Remembering for good

August 9, 2012 in News
ethical 01

ethical 01

Belfast and Derry/Londonderry saw the launch of a new project focused on the coming decade 2012-2022. The 100th anniversary of events that greatly shaped Ireland and still cast a long shadow over our lives together… on the island will occur during those years. The ‘Ethical and Shared Remembering’ project will use those anniversaries as a spring board for cross community education. It’s funded by the Columbanus Trust and trustee Terry Howard SJ has taken a keen interest in it.

The key resources of the project are a team of  trained facilitators and a set of six booklets written by Dr. Johnston McMaster and The Junction:
    –  Remembering a Decade of Violence and Change, 1912-22
    –  The Covenant and Proclamation: The Shared Values of Religio-Political Documents
    –  Ethical Theological Responses to Shared Remembering
    –  Lamenting in Hope: A Theology of Trauma and Healing
    –  Living with the Legacy: Key Themes of the Decade, Past and Present
    –  Ethical and Shared remembering: Visioning the Future 2012-2022

These booklets examine and deconstruct the values underpinning the various historical events that made such a dramatic impact during that tumultuous decade of Irish and British history. And they offer a way for groups to assess the events from a critical perspective, evaluating what was good and not so good, helpful and not so helpful, so that divided communities might move forward together in a constructive manner.

So the project will provide trained facilitators to work with any groups interested in exploring the value of these anniversaries from the perspecitve of sharing an ethical and shared future. Politicians, ex-prisoner groups, womens’ groups, faith groups, community and voluntary sector organisations, victims and survivors of the troubles are all welcome to apply.

As well as offering courses on the ‘Decade of Commemorations’, and seminars, information sessions, workshops and presentations on key themes within the context of the decade, the project is developing a comprehensive training resource package for use by educators, trainers, facilitators, community development and community relations activists, faith groups and clergy. And training will be offered with the resource.

The overall aim is to provide a distribution framework throughout the whole island of Ireland, so that a critical exploration of history can take place and enable a creative and constructive approach to commemoration.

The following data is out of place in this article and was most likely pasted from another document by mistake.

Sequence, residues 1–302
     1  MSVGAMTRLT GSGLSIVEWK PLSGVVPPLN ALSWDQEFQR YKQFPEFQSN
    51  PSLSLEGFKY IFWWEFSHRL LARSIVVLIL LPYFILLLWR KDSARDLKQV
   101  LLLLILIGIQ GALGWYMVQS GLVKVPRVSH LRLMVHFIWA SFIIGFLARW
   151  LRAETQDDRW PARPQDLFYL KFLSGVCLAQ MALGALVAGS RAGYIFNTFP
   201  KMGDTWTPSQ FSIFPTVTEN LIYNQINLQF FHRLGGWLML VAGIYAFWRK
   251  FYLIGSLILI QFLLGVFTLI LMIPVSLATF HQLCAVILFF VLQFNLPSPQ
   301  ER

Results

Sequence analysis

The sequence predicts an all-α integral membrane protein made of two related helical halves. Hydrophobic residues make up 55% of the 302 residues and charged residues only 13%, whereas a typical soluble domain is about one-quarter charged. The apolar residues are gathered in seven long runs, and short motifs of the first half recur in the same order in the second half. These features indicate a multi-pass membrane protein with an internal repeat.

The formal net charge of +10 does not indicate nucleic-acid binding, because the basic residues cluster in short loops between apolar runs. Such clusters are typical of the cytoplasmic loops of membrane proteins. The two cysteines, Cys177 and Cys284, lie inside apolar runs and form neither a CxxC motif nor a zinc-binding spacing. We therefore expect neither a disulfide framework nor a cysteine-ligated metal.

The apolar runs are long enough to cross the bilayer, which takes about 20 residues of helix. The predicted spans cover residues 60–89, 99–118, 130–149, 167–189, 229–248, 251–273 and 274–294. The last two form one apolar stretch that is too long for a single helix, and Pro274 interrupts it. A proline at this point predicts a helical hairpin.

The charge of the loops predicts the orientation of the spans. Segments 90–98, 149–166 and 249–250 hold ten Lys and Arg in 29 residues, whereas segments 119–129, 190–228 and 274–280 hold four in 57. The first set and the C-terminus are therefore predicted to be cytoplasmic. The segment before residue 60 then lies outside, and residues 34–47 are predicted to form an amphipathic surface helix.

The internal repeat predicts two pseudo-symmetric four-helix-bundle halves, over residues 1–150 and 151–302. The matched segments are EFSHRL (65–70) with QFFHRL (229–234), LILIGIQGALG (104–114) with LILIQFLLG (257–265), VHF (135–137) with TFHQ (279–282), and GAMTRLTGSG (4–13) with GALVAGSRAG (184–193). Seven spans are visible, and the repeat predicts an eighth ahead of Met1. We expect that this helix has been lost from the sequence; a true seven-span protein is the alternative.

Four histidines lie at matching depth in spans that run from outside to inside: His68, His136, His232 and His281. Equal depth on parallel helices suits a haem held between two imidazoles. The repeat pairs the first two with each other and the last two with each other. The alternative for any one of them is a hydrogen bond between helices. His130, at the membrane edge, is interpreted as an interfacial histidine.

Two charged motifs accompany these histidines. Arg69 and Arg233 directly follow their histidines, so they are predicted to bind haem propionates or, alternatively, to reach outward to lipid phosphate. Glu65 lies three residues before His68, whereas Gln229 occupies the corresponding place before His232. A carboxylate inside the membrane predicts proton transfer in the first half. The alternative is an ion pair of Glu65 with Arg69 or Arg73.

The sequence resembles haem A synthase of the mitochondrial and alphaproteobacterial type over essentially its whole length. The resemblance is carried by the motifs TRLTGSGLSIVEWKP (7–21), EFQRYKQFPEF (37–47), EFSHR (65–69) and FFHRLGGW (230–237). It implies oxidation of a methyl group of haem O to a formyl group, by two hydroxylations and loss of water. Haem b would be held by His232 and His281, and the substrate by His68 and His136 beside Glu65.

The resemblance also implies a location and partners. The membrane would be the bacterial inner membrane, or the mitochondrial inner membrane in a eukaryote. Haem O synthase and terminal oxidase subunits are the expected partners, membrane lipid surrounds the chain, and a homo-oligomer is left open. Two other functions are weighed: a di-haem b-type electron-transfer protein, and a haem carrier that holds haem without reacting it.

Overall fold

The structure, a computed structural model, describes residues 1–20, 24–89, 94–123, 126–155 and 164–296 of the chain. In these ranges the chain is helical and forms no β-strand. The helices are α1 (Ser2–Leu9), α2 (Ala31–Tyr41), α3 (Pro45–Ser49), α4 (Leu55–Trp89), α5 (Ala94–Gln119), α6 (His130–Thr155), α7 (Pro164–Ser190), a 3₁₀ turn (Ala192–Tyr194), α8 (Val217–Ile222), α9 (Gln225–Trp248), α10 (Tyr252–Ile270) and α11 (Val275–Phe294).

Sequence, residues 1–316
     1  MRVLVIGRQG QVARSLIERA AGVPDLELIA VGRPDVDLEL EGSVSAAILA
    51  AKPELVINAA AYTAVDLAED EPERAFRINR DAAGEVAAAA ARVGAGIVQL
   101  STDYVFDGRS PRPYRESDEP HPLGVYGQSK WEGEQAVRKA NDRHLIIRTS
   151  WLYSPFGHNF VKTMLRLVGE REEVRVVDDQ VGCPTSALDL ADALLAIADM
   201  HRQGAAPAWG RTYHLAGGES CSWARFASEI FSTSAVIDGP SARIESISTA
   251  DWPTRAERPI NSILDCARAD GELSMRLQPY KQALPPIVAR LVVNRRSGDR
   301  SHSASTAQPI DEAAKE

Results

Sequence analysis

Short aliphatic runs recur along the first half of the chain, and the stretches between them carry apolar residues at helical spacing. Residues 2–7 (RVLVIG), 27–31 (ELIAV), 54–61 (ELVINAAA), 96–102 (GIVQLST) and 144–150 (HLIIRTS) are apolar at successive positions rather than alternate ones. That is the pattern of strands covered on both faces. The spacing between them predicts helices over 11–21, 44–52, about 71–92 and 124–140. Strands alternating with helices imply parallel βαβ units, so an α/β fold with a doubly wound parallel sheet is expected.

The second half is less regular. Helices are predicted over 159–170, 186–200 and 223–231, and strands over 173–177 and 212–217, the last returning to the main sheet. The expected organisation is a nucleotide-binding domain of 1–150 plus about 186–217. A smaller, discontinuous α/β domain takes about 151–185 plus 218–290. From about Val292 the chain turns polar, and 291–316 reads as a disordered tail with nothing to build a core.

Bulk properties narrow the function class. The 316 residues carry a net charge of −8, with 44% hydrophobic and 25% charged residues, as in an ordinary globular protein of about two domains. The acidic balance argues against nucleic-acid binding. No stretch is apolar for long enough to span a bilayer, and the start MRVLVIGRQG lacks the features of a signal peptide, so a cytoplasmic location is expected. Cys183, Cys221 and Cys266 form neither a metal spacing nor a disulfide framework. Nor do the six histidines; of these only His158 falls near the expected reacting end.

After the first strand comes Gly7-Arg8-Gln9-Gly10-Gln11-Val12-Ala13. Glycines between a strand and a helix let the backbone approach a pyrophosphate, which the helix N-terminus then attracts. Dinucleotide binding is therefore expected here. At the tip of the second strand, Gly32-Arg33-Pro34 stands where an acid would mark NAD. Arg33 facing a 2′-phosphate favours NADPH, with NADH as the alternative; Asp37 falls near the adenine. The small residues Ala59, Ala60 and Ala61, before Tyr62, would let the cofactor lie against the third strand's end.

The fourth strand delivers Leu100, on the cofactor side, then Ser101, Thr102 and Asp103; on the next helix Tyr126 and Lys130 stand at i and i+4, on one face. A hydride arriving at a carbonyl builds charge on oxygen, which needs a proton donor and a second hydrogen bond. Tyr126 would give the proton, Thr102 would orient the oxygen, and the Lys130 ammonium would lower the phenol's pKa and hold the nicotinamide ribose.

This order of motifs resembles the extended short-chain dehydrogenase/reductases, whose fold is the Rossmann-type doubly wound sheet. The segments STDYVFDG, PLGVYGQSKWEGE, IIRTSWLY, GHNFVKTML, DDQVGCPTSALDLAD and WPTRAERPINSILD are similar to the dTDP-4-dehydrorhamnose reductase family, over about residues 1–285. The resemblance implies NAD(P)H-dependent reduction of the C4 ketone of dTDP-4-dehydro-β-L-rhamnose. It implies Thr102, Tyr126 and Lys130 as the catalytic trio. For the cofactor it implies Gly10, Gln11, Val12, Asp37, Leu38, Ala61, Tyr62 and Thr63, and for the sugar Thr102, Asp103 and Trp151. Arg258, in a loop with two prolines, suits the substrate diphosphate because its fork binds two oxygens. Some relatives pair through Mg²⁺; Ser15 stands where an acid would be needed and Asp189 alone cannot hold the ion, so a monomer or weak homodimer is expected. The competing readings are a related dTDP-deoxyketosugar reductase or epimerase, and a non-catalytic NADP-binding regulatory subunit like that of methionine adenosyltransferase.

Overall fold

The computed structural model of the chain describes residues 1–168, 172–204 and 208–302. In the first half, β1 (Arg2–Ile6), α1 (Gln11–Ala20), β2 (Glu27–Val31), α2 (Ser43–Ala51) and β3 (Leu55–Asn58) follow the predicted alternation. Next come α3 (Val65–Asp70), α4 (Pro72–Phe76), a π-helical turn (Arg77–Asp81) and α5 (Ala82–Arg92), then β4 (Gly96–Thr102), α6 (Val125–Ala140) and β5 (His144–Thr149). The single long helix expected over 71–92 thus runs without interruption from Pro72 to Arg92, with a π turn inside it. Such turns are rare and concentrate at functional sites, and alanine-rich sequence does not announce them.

It recognizes that Ireland has a deeply embedded culture of division, violence and sectarianism, born out of a past which has never been critically or ethically unpacked and challenged. It acknolwedges that  the political and religious issues that continue to divide its people  have not been resolved.

According to Terry Howard SJ, member of the Peter Faber community in Belfast, the innovative approach of this project will allow participants to unpack a ‘shared history’ encouraging people to explore significant events in their entirety, begin to understand the complexities of the past, learn from mistakes and make choices for a better future.

Specifically, the Project will seek to deconstruct the ideological, philosophical and religious views of the decade 1912-1922 in order to reconstruct an ethical value base for the 21st century.

Also, a book entitled ‘Signing The Covenant: But Which One?’ is due for imminent release and offers an exploration of the Ulster Covenant and the Judeo-Christian Covenant (and includes a comparative analysis with the Easter Proclamation).

At the project launch in both Belfast and Derry/Londonderry talks were given by Dr. Johnston McMaster and Dr. Cathy Higgins – both formerly of the Irish School of Ecumenics and now employed by The Junction (community relations centre) to drive the project. Click here to read.

The Columbanus Trust Limited was set up in 2003 in the wake of the closing of the Columbanus Community, Belfast. That cross community, ecumenical venture  was established in 1983 through the vision and hard work of Fr. Michael Hurley SJ, who passed away in 2011.